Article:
Time and location set for October 22, 1971 at UCLA
DATE AND LOCATION SET FOR OCTOBER 22, 1971 AT UCLA

If a time machine dropped me back in 1971, I’d buy Larry’s splicer all over again. It was worth every penny. I got the deal of lifetime.

 

 

August 28, 1967


August 28, 1967

 

MY FAMILY IN 1967
MY FAMILY IN 1967
CLOWNING WITH THE FAMILY AT DISNEYLAND
CLOWNING WITH THE FAMILY AT DISNEYLAND

I’d definitely pay to see that snippet of television tape one more time. In the summer of 1967, our family vacation was in Los Angeles – Disneyland and studio tours. We were able to get tickets to a taping of Let’s Make a Deal and were seated near the front so the cameras caught the entire family in the audience.1967 K Girls

What I remember most about the experience is being fascinated by a tall slender brunette girl in a black and white suit working behind the scenes. I had no idea then – nor do I now – what her job was. She could’ve been an intern PA, a script girl, or a producer. All I know is that she epitomized excitement to me – I couldn’t imagine a more thrilling career than working for a television show. This pre-dates my decision to be a film major at UCLA by a good two years – and I wasn’t thinking of writing at the time – but I think the show business bug bit me on the set of Let’s Make a Deal.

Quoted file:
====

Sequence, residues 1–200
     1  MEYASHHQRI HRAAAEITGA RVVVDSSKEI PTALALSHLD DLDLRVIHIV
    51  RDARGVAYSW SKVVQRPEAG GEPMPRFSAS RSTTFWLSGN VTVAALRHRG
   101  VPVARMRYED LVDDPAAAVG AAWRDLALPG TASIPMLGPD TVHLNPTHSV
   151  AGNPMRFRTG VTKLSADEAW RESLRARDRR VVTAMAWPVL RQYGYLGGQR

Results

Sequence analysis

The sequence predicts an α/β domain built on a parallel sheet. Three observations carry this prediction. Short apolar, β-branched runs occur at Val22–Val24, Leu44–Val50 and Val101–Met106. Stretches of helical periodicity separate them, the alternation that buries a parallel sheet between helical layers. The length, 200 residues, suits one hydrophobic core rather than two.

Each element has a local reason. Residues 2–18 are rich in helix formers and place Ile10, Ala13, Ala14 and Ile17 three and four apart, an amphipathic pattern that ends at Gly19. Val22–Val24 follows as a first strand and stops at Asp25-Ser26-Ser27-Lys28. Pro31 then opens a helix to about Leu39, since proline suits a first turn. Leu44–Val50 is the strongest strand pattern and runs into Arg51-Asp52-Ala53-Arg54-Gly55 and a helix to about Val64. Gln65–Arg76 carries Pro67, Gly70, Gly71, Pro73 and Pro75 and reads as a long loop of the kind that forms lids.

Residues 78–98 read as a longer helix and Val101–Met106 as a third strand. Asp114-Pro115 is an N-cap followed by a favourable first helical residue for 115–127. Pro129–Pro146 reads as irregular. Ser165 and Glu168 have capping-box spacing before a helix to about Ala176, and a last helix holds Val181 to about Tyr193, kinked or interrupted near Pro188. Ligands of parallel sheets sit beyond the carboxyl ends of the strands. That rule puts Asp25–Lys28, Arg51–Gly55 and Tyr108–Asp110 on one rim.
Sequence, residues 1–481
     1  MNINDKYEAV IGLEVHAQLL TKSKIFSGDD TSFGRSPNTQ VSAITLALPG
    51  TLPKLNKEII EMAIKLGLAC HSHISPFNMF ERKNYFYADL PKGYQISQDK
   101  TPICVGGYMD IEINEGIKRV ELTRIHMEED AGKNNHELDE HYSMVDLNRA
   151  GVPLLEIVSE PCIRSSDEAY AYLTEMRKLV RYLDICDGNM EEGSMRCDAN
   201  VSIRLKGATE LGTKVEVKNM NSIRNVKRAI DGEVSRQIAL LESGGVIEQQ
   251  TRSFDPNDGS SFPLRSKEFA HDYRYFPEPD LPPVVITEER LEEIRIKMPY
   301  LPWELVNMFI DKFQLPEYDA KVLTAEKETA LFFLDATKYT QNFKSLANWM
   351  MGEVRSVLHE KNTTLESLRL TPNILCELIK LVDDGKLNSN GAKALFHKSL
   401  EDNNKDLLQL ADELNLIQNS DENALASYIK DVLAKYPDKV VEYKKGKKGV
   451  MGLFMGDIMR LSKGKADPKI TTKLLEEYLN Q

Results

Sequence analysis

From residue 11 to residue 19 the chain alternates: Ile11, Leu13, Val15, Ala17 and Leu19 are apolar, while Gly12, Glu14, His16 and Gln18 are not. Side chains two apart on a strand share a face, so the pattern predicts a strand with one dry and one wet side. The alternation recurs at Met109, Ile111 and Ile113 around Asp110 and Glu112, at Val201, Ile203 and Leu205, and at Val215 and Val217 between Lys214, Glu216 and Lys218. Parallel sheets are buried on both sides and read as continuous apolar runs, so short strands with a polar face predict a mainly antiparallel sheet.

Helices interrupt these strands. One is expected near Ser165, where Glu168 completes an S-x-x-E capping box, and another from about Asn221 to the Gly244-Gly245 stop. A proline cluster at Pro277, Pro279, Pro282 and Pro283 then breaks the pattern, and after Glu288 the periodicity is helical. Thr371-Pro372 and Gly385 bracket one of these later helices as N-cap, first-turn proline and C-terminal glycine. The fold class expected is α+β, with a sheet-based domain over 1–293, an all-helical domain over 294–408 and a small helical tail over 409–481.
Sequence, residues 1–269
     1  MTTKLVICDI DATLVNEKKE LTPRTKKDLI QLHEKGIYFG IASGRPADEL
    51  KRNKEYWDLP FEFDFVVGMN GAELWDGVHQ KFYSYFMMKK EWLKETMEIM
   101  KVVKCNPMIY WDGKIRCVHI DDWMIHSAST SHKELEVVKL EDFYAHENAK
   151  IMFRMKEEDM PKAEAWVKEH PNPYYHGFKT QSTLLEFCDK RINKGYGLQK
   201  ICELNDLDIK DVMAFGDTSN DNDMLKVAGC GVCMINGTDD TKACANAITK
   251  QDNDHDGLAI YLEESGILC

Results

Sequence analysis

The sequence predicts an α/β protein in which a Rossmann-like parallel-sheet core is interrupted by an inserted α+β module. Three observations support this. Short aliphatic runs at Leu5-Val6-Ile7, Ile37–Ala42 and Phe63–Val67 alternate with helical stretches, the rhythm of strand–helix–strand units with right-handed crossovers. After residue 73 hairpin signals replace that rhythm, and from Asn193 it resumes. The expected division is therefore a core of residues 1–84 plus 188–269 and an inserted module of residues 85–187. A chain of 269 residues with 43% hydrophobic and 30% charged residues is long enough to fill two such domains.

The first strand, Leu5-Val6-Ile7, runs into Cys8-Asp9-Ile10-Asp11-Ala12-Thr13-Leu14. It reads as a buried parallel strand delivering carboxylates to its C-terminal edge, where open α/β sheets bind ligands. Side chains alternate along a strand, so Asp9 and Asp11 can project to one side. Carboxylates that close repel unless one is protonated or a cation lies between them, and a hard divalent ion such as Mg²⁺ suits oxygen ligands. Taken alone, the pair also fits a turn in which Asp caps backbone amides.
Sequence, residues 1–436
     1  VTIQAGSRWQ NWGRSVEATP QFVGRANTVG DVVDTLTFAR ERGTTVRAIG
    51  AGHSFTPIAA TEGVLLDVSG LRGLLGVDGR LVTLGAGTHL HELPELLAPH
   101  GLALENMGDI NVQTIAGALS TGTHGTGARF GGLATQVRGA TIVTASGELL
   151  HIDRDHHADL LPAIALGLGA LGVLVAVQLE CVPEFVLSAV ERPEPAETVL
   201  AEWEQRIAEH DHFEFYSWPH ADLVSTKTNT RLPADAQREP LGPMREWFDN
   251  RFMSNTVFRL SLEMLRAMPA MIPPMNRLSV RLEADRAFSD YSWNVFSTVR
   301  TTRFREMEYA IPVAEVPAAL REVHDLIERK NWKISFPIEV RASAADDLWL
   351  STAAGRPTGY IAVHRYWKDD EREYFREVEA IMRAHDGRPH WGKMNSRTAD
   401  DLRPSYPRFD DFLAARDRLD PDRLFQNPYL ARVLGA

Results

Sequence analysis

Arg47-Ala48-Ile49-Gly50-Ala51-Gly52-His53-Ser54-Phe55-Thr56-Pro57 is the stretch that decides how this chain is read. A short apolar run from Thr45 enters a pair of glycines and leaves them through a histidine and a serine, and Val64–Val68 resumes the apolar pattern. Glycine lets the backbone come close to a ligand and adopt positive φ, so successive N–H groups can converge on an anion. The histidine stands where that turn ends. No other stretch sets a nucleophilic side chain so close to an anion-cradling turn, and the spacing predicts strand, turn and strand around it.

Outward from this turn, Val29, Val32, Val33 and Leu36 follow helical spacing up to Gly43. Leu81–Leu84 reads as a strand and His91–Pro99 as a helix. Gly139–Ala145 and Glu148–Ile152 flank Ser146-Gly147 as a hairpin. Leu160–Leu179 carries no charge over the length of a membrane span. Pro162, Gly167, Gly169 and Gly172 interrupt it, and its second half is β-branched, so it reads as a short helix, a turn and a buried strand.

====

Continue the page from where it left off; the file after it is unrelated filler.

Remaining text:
The rest of the entry is typical teen angst. I was in the throes of unrequited love, having been dumped by my boyfriend John earlier that year. (This is a different John than my husband John.) My goal,when he called, was to act cold but I could never pull it off.

ME AND MY ANGST AROUND 1967
ME AND MY ANGST AROUND 1967

I wish I’d been mature enough to put teen heartbreak in perspective but every song a woman sang on the radio glorified shattered hearts and faithless love. (Vicki Carr’s “It Must Be Him” set the bar in ’67. The Supremes stayed on theme – “The Happening”, “Love is Here and Now You’re Gone”, “Where Did Our Love Go”, “You Keep Me Hanging On”. With the notable exception of “Respect”, Aretha Franklin mostly sang about unrequited love. Even Grace Slick got into the act – “Don’t you want somebody to love?”)